half the country earn less than 28k – this is before taxes and income transfers; once these are applied, much of the income inequality is addressed.

          9. ethereal

            there are a lot of people who earn just above the threshold for student grants but not enough to afford the registration fee so their children are excluded from 3rd level education

          10. MoyestWithExcitement

            “Over 376,000 people are living in consistent poverty in Ireland, double the figure in 2008, according to the latest CSO statistics published today.
            1.4 million people are experiencing deprivation, an increase of 128% since 2008.
            Overall, nearly 700,000 people are still at risk of poverty, of which 211,000 are children.
            Approximately, one in 6 children and one in 10 people aged over 65 are at risk of poverty, a new study shows.”

            “These are only paid by people who have means; poorer students pay nothing, so can be seen as a progressive measure, if anything.”

            Any links showing poor people can get university education for fee?

            “half the country earn less than 28k – this is before taxes and income transfers;”

            It just means that half the country earning less than 28k a year gross. You’re defending this situation?

          11. Rob_G

            Child poverty rates – this is bad. Does this make Ireland a neo-liberal economy? We spend a full one-third of GDP on welfare.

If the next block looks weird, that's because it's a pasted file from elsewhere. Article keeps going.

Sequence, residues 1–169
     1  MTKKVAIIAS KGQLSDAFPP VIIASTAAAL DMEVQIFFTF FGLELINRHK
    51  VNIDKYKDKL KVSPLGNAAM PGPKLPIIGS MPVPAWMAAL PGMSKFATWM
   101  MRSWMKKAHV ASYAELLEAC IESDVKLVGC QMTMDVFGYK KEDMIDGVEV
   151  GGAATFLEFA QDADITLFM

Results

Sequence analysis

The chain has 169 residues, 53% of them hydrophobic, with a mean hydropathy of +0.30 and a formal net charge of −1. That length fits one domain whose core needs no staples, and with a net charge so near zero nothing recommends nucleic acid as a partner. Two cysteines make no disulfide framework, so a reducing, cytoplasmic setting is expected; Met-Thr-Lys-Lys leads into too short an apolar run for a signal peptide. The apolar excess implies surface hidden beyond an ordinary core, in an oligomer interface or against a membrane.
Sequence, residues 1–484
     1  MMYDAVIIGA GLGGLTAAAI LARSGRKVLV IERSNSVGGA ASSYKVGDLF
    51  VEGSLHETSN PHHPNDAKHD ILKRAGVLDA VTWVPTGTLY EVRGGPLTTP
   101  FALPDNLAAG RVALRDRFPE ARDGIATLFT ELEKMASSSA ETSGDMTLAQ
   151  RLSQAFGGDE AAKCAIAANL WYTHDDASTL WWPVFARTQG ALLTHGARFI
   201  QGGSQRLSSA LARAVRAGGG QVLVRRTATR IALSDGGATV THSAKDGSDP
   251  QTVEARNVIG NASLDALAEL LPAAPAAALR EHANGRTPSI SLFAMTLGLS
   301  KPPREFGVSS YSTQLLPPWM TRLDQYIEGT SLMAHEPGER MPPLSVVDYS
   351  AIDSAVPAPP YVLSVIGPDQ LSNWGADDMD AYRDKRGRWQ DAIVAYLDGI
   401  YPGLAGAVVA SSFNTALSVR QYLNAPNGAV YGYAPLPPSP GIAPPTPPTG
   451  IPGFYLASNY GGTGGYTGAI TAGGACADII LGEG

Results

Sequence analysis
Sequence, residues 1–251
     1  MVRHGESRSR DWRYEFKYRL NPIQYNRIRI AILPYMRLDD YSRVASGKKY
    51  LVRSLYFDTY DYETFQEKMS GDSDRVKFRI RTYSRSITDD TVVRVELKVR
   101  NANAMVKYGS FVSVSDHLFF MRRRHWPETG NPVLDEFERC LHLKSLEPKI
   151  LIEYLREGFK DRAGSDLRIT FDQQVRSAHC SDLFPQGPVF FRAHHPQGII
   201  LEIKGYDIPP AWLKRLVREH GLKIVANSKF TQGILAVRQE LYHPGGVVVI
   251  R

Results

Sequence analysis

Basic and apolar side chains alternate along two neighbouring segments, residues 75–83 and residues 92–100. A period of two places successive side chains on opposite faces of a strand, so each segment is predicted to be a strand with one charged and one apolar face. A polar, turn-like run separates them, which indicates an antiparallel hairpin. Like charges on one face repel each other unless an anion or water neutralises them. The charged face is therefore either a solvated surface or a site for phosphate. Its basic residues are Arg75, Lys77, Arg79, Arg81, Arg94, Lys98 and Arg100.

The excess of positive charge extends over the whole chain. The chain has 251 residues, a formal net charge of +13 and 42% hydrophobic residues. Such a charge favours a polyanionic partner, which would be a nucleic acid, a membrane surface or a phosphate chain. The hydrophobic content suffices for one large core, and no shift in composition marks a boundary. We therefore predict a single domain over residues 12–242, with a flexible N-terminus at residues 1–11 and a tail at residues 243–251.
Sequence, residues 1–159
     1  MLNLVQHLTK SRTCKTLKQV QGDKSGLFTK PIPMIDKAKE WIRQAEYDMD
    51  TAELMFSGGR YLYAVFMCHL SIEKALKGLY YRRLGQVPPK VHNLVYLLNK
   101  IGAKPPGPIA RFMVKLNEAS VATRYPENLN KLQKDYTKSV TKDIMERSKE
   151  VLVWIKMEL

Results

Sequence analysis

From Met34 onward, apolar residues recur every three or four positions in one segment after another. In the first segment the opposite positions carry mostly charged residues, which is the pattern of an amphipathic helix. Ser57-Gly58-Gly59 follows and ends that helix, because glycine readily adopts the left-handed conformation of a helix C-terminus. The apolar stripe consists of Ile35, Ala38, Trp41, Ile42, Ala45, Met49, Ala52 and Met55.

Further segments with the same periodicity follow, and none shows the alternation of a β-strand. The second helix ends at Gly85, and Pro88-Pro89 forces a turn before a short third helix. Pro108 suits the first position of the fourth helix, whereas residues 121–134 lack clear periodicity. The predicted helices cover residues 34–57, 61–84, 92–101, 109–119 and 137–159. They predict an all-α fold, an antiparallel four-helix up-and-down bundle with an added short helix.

People from low-income backgrounds get grants, etc. to go to third-level.

            “It just means that half the country earning less than 28k a year gross. You’re defending this situation?” – how much/little should they earn(?)

        2. dan

          You can call it something else if you like. Arguing that we spend X on something so we’re not neoliberal is facile, our government has been doing everything they can to cut public spending and privatise public resources without reference to the societal impact of doing so.
          Everyone else calls that neoliberalism tho.

      2. DubLoony

        Yes, the same one where €3.5bn was allocated to housing 2 budgets ago.
        In Dublin City Council, €292 million allocated to social housing but the SF controlled council still hasn’t managed to spend it.

        1. Howard Schultz


          “And the degree in this country, which has seen child pretty double ”
          ” I’d swwar you had something”
          “I just have you a list.”

          On the buckfast this early?

  4. Donal

    IMF: “neoliberal policies don’t work”